PAGES-MedCLIVAR Workshop: Climate Extremes During Recent Millennia and their Impact on Mediterranean Societies

13.09 - 16.09.2008
Athens, Greece
Workshop report: 
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Climate extremes in the Mediterranean

Climatic extremes in the past few thousand years have severely impacted societies throughout the Mediterranean and changed the outcome of historical events in some instances. Most natural disasters involve increased vulnerability to natural hazards as a consequence of human actions preceding such events. The impacts of climatic extremes - €”droughts, floods, prolonged cold and heat - €”affect society in a variety of forms operating through famine, disease, and social upheaval.

High-resolution paleoclimate research using tree rings, tropical corals, speleothems, other natural archives and man-made documentary evidence demonstrates that large-scale climatic phenomena, such as the El Nino-Southern Oscillation, large scale circulation patterns such as the NAO and other modes of variability on interannual to centennial time scales can have profound and widespread effects on the climate of the Mediterranean. The Mediterranean offers a broad spectrum of some yet unexplored documentary information and natural archives making the area ideal for the study of climatic extremes and socio-economic impacts.

Climate model simulations provide evidence of significant multi-decadal to centennial scale climatic variations on large regional scales. These simulated episodes of anomalous climatic regimes are becoming consistent with the paleoclimatic evidence.

Recent studies suggest that the period associated with the so-called Medieval Climatic Anomaly was indeed associated with extended regional anomalies of large magnitude in many parts of the world. Other studies have shown that the transition from the Medieval Climatic Anomaly to the Little Ice Age was one of recurrent extreme climatic conditions on interannual to multi-decadal time scales.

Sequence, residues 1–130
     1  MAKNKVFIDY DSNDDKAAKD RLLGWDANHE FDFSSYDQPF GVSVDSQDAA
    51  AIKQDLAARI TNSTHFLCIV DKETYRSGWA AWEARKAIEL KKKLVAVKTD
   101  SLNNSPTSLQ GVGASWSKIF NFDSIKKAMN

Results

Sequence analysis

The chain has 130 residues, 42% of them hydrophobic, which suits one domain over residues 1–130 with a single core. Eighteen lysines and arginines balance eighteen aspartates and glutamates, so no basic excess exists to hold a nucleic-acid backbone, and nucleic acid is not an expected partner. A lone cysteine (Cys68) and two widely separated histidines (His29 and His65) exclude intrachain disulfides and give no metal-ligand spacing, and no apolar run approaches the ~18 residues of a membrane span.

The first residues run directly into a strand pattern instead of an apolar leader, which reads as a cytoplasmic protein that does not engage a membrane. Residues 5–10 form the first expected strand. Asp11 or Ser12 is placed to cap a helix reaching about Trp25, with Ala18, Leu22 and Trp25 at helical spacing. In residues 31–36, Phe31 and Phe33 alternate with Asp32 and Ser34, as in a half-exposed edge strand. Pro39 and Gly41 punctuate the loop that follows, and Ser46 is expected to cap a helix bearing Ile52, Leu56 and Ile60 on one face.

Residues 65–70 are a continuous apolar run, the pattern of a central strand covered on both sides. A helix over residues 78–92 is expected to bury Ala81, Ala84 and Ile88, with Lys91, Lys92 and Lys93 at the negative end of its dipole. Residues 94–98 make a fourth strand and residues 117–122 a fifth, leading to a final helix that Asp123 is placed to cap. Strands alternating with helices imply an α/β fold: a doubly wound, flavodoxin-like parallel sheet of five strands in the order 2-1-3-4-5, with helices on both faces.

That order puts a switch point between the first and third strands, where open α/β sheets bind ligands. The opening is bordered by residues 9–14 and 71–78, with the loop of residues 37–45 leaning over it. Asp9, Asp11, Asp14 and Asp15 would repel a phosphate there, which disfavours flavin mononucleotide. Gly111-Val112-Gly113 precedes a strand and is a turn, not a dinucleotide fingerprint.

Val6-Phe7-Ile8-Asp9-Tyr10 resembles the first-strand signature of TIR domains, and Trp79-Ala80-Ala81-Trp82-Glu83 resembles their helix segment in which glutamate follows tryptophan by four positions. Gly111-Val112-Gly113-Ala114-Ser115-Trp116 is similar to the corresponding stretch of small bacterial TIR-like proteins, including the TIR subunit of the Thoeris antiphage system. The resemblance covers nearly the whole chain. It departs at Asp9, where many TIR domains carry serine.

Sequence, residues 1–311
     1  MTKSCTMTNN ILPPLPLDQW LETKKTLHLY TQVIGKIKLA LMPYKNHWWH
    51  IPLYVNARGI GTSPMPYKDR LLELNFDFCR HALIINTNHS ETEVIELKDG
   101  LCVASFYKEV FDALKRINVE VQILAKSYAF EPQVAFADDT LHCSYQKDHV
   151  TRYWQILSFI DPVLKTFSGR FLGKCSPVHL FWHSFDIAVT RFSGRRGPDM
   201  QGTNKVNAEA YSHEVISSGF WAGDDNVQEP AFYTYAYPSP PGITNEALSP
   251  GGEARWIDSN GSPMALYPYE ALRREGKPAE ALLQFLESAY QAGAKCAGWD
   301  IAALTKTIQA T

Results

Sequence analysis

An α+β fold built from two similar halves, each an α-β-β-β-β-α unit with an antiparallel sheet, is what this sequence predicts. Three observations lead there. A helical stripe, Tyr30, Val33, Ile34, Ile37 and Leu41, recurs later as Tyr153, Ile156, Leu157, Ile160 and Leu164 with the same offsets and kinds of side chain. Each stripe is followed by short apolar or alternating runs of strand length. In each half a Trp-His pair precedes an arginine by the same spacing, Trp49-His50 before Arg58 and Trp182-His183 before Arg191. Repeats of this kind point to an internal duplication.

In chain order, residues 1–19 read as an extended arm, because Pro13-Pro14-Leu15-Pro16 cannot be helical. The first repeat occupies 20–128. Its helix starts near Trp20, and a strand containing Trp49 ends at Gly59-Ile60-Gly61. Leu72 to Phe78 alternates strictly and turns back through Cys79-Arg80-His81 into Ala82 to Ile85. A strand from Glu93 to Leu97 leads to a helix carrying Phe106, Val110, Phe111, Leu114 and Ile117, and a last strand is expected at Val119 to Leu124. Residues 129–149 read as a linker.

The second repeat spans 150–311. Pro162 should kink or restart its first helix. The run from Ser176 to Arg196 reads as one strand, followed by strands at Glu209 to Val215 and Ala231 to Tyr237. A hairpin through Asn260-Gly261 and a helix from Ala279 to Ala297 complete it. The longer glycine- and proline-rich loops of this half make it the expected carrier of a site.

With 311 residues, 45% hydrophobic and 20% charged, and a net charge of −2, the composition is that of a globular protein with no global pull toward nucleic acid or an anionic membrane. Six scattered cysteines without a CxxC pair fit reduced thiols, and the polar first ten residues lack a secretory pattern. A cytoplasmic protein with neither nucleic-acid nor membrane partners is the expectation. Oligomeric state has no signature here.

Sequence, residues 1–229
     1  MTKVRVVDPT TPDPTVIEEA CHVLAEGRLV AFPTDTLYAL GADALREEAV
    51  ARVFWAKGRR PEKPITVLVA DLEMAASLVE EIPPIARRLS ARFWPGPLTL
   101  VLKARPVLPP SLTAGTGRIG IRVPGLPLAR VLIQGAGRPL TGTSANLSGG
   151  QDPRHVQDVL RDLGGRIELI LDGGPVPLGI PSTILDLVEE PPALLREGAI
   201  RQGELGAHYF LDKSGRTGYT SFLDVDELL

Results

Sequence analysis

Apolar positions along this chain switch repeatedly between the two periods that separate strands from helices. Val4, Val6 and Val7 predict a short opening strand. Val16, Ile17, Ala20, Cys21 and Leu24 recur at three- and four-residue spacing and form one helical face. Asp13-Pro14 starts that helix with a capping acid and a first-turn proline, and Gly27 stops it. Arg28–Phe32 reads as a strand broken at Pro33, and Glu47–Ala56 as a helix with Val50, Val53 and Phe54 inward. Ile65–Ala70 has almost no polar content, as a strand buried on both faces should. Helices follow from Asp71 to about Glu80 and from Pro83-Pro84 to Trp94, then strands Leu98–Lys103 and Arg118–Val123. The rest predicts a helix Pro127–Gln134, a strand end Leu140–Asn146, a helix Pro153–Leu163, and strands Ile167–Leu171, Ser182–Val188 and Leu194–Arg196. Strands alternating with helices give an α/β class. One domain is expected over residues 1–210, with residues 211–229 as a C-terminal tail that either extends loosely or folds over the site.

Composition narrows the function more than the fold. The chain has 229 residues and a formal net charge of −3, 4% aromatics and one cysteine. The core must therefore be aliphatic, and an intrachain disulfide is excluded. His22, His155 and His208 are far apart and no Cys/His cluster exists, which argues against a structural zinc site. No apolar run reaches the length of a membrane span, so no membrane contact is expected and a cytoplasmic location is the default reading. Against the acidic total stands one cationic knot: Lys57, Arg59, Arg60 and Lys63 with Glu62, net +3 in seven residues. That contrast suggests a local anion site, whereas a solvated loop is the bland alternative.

The symposium was held in September (13-16) 2008 at the premises of the National and Kapodistrian University of Athens under the sponsorship of the European Science Foundation (MedCLIVAR program:, Mariolopoulos-Kanaginis Foundation for the Environmental Sciences, IGBP-PAGES, National Observatory of Athens and Academy of Athens.

It was attended by 51 scientists from Europe and the US from different disciplines such as: paleoclimatology, climatology, anthropology, geology, archaeology, and historians working on the Greater Mediterranean Region.

The symposium focused on the detection and analysis of significant climate anomalies in the Mediterranean region from different epochs, timescales and disciplines. It built on the results of the previous ESF-MedCLIVAR / PAGES workshop on "€œReconstruction of Past Mediterranean climate"€ that was held in 2006, but was focused on natural proxies over the Eastern part of the region.

This symposium was organised through the following themes / sessions: Mediterranean climate change in the instrumental period€, Natural and documentary proxies, as tools for detection of climate extremes, the €œInfluence of volcanoes€, the Multiproxy approach including integration between €œProxies and models and the €œImpacts of climate changes and extreme events in the Mediterranean societies.

The Symposium took place at the premises of the National and Kapodistrian University of Athens ( The Symposium was organised by ESF-MedCLIVAR, the Mariolopoulos-Kanaginis Foundation and IGBP-PAGES, and it was hosted locally by the Academy of Athens, the University of Athens and the Mariolopoulos-Kanaginis Foundation in Greece.


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Elena Xoplaki1,2,3
Phil Jones4
Ricardo Garci­a-Herrera5
Mark Besonen6
Henry Diaz7
Alexander Gershunov8
Christos Zerefos9
Christos Giannakopoulos9
Carol Griggs10
Christoph Raible1,11
Yves M. Tourre12

1 Oeschger Centre, University of Bern, Bern, Switzerland
2 Institute of Geography, University of Bern, Bern, Switzerland
3 EEWRC, The Cyprus Institute, Nicosia, Cyprus
4 University of East Anglia, Norwich, UK
5 Universidad Complutense, Madrid, Spain
6 University of Massachusetts, Amherst, USA
8 Scripps Institution of Oceanography, UCSD, San Diego, USA
9 National Observatory of Athens, Athens, Greece
10 Cornell University, Ithaca, USA
11 Institute of Physics, University of Bern, Bern, Switzerland
12 LDEO, USA and MeteoFrance, France


Elena Xoplaki, University of Bern, Switzerland
Henry Diaz, NOAA/ESRL, Boulder, USA
Jürg Luterbacher, University of Bern, Switzerland
Malcolm Hughes, University of Arizona, USA
Ray Bradley, University of Massachusetts, USA
Ricardo Garcia-Herrera , University Complutense, Madrid, Spain
Ercan Kahya, Istanbul Technical University, Turkey
Phil Jones, Climatic Research Unit, UK
Christos Zerefos, Academy of Athens, University of Athens, Greece
Thorsten Kiefer, PAGES, Bern, Switzerland